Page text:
Shareholder action has struck again (perhaps). The Australasian Centre for Corporate Responsibility, on behalf of more than 120 shareholders of BHP, has convinced the Big Fella to reconsider its membership of the Minerals Council of Australia.
Business associations and umbrella groups exist to advance the interests of their members. The ones we know most about are those that are in the public eye, lobbying, producing position papers that put forward controversial and unpopular positions (while giving their members plausible deniability), running television adverts, and attacking their opponents as naive idealists at best, or luddites and watermelons (green on the outside, red on the inside) at worst.
This has been going on for a century, as readers of the late Alex Carey’s Taking the Risk out of Democracy: Corporate Propaganda versus Freedom and Liberty will know. (Another Australian, Sharon Beder ably continued his work, and more recently yet another Australian, Kerryn Higgs, wrote excellently on this.)
Alongside the gaudy outfits sit lower-profile and occasionally very powerful coordinating groups, such as the Australian Industry Greenhouse Network (see Guy Pearse’s book High and Dry for details).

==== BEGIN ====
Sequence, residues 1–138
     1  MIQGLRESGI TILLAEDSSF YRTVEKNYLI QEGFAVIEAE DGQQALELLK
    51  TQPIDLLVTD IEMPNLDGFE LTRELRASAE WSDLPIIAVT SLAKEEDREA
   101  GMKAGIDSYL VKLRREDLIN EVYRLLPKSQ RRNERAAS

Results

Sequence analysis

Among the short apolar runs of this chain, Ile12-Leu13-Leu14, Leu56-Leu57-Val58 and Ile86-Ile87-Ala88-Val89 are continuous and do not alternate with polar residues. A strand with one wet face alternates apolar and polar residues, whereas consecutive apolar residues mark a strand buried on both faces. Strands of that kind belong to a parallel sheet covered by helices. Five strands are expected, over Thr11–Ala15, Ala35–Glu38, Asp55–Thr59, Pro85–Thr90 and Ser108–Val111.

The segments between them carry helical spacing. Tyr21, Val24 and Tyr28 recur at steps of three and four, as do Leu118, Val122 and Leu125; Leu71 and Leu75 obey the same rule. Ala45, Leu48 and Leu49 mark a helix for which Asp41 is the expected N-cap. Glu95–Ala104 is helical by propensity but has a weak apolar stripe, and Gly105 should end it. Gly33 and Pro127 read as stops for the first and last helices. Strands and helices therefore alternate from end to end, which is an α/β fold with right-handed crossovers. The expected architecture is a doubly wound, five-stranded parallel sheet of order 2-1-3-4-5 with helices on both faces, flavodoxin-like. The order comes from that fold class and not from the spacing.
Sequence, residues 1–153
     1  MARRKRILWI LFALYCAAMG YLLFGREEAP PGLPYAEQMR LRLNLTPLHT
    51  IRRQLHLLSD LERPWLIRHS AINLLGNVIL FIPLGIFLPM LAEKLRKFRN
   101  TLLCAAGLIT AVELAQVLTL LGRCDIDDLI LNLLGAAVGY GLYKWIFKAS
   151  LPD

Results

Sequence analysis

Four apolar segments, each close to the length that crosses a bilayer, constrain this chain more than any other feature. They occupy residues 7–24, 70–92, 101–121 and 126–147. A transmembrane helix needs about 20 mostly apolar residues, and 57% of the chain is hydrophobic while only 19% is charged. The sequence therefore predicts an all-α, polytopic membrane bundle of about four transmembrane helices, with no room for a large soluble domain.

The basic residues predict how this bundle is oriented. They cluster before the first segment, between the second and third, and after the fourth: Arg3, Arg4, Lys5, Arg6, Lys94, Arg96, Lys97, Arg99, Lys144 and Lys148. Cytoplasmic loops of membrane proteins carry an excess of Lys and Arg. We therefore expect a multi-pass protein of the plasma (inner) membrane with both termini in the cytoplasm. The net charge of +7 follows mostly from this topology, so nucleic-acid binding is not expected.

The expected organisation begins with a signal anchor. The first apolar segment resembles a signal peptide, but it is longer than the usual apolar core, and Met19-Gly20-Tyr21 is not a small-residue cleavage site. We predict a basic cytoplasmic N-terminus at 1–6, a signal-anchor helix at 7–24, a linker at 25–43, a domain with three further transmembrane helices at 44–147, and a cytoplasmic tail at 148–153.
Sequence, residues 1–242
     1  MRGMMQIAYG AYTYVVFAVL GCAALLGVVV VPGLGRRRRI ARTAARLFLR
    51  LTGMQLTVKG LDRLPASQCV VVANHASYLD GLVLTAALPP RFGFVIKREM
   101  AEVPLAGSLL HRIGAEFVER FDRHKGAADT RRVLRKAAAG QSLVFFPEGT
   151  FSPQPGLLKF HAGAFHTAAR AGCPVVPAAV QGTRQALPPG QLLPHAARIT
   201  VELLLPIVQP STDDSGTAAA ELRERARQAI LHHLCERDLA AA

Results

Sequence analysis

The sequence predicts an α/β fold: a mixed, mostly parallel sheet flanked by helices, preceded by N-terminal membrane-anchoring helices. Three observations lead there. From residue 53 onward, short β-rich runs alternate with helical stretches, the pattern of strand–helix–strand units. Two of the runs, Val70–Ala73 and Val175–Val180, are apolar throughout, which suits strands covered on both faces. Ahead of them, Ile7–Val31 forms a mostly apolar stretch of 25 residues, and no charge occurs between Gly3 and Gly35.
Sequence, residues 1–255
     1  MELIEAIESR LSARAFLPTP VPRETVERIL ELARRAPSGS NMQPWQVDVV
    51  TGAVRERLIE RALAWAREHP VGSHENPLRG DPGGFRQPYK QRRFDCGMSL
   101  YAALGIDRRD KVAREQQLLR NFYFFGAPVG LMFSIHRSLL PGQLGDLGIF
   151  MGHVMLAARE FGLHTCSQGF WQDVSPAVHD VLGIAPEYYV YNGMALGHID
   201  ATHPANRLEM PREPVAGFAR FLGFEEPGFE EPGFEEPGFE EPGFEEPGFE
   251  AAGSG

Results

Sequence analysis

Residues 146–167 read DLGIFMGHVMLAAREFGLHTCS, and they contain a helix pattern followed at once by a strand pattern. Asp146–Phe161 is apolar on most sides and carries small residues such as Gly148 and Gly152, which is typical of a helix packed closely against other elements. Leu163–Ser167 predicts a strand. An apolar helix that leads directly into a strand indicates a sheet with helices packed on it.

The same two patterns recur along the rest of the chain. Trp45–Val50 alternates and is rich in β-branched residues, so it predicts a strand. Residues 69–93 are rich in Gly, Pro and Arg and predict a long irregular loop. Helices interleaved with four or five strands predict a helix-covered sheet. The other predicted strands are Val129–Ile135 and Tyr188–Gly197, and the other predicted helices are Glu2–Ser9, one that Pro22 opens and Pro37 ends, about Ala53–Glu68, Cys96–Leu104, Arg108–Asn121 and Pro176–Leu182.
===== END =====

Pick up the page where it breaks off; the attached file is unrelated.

Ultimately, however, membership of these groups can have costs to companies – beyond the financial ones. If an industry body strays too far from the public mood, individual companies can feel the heat. This happened in the United States in 2002, with the Global Climate Coalition, a front group for automakers and the oil industry that succeeded in defeating the Kyoto Protocol but then outlived its usefulness. It happened again in 2009 when a group of companies (including Nike, Microsoft and Johnson & Johnson) decided their reputations were being damaged by continued membership of the US Chamber of Commerce, which was taking a particularly intransigent line on President Barack Obama’s climate efforts.
Doings Down Under
What’s interesting in this latest spat is that it involves two very powerful players. Let’s look at them in turn.
The Minerals Council of Australia (MCA) began life in 1967, as the Australian Mining Industry Council, when Australia’s export boom for coal, iron ore and other commodities was taking off.
From its earliest days it found itself embroiled in both Aboriginal land rights and environmental disputes, having established an environment subcommittee in 1972. Over time, the Council took a robust line on both topics, to put it mildly.
In 1990, at the height of green concerns, the then federal environment minister Ros Kelly offered a scathing assessment of the council, saying that its idea of a sustainable industry was:
…one in which miners can mine where they like, for however long they want. It is about, for them, sustaining profits and increasing access to all parts of Australia they feel could be minerally profitable, even if it is of environmental or cultural significance.
Meanwhile, the council’s intransigent position on Aboriginal land rights, especially after the 1992 Mabo decision, caused it to lose both credibility and – crucially – access to land rights negotiations.